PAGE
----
|— Golfer —|
|Full name||Paul William Azinger|
January 6, 1960 |
|Height||6 ft 2 in (1.88 m)|
|Weight||175 lb (79 kg; 12.5 st)|
|College||Brevard Community College
Florida State University
|Former tour(s)||PGA Tour
|Number of wins by tour|
|Best results in major championships
|Masters Tournament||5th: 1998|
|U.S. Open||T3: 1993|
|The Open Championship||T2: 1987|
|PGA Championship||Won: 1993|
|Achievements and awards|
|PGA Player of the Year||1987|
|PGA Tour Comeback
Player of the Year
Paul William Azinger (born January 6, 1960) is an American professional golfer and TV golf analyst. He spent almost 300 weeks in the top-10 of the Official World Golf Ranking between 1988 and 1994. He was a twelve-time winner on the PGA Tour, including one major, the 1993 PGA Championship.
- 1 Early years
- 2 Professional career
- 3 Television work
- 4 Other interests
- 5 Personal
- 6 Professional wins (17)
- 7 Major championships
- 8 U.S. national team appearances
- 9 See also
- 10 References
- 11 External links
Azinger was born in Holyoke, Massachusetts. His father, Ralph Azinger, was a U.S. Air Force Lieutenant Colonel and businessman. He started in golf at age five. After Ralph retired from the Air Force, he opened a marina, and Paul spent his summer pumping gas and painting boats.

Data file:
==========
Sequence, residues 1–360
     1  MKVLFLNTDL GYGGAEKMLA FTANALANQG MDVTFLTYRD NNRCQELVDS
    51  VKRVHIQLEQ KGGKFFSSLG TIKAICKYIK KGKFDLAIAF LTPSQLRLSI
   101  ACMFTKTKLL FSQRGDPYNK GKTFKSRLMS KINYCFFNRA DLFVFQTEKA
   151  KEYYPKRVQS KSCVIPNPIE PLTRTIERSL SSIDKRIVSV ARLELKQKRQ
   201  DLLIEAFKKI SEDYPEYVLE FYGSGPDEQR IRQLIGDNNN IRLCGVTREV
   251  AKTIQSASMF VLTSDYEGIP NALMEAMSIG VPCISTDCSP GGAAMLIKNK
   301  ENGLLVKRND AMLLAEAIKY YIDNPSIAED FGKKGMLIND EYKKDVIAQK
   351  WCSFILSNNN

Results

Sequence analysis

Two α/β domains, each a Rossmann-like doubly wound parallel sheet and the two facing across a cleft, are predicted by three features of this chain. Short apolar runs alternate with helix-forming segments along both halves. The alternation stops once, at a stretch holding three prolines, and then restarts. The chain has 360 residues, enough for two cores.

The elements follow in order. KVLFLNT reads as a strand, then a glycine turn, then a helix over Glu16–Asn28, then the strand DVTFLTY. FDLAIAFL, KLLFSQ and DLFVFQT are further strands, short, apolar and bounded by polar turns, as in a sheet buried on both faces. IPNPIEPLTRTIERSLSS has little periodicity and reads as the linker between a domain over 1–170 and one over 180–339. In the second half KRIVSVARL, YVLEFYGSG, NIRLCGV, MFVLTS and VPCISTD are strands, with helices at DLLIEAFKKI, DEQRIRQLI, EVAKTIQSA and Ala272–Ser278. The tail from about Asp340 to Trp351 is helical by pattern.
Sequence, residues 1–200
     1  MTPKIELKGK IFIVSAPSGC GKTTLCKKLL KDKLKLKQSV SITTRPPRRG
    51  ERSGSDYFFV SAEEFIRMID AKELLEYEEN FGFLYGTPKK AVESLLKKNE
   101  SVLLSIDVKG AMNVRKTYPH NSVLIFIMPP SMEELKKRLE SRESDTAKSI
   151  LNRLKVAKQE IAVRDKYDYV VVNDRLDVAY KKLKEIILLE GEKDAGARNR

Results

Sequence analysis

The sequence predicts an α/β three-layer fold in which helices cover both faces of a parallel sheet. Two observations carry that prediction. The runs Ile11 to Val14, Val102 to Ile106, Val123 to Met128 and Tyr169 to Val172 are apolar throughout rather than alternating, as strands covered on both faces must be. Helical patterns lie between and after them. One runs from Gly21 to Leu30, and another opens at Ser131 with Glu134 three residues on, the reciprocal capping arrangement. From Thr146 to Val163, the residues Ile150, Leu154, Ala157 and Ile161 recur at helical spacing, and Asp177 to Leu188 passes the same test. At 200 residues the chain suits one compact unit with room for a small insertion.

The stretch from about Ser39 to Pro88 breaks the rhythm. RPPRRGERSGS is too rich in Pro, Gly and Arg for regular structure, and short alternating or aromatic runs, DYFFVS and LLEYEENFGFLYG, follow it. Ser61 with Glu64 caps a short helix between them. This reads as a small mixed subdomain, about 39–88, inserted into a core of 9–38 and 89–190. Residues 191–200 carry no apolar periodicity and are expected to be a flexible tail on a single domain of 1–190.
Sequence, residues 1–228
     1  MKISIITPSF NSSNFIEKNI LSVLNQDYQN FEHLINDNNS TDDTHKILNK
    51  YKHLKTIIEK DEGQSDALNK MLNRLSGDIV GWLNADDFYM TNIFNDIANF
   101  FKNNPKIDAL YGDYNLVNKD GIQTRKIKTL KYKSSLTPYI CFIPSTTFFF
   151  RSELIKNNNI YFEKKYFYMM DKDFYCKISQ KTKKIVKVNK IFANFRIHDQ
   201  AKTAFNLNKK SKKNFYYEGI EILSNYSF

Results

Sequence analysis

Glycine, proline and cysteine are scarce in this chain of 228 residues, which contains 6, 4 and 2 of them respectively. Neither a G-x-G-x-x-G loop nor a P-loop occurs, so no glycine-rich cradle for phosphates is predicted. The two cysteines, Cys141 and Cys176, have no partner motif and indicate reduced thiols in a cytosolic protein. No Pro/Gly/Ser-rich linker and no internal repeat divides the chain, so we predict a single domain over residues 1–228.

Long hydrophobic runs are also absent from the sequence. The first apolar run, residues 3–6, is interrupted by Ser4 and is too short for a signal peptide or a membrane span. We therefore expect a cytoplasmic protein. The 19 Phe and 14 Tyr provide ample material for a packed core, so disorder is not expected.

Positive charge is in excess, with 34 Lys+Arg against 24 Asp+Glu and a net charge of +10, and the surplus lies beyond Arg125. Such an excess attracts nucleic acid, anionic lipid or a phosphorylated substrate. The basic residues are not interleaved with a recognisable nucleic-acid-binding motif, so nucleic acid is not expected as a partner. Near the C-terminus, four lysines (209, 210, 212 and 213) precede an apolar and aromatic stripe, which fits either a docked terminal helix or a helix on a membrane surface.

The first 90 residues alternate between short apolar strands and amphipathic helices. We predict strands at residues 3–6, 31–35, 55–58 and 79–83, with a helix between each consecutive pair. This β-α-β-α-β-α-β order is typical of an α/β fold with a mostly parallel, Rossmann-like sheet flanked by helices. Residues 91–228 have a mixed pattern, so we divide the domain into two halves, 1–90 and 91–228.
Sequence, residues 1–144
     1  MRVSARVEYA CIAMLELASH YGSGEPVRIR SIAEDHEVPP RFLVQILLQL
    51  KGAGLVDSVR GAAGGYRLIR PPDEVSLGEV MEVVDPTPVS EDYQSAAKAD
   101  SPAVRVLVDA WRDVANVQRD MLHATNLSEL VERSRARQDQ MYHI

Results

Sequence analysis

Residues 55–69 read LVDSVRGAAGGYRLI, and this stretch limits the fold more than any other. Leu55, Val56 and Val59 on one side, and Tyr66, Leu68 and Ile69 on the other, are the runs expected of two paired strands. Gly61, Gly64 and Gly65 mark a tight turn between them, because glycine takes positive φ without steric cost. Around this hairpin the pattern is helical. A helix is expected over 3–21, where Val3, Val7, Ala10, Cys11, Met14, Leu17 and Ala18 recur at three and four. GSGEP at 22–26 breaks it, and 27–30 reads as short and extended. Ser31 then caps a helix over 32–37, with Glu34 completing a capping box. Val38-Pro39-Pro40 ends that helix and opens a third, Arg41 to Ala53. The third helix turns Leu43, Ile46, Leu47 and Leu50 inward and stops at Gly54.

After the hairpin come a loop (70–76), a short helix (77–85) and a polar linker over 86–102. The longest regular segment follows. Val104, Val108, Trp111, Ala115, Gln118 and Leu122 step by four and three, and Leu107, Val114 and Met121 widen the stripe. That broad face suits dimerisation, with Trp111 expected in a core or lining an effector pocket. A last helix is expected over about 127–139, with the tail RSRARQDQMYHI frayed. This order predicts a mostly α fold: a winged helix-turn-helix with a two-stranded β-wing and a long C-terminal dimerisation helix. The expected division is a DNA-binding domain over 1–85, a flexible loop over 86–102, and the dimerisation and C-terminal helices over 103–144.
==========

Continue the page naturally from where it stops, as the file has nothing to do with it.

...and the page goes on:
He moved to Sarasota, Florida where he attended and graduated from Sarasota High School. After high school, he attended Brevard Community College into the late 1970s. While he was there, he found more time to practice his swing, playing on the team as a walk-on, and landed a summer job at the Bay Hill Golf Academy in Orlando, which allowed him more practice time. Practice earned him more opportunity, in the form of a scholarship to Florida State University and turned professional in 1981.
During his early years, he collected meager earnings. He and his wife, Toni, bought a used motor home, a 1983 Vogue, and drove from tournament to tournament. He got his big break in 1987, when he first played in the British Open, even though he dd not win.
Azinger won eleven tournaments on the PGA Tour in seven seasons from 1987 to 1993, climaxing in his one major title, the 1993 PGA Championship at Inverness, which he won in a sudden-death playoff against Greg Norman.
Azinger finished one shot behind Nick Faldo at the 1987 Open Championship at Muirfield after making bogey at both the 71st and 72nd holes. Azinger was bidding to become only the fourth golfer since 1945 to win the British Open at the first attempt and said that he was "heartbroken" to leave Muirfield without the Claret Jug trophy.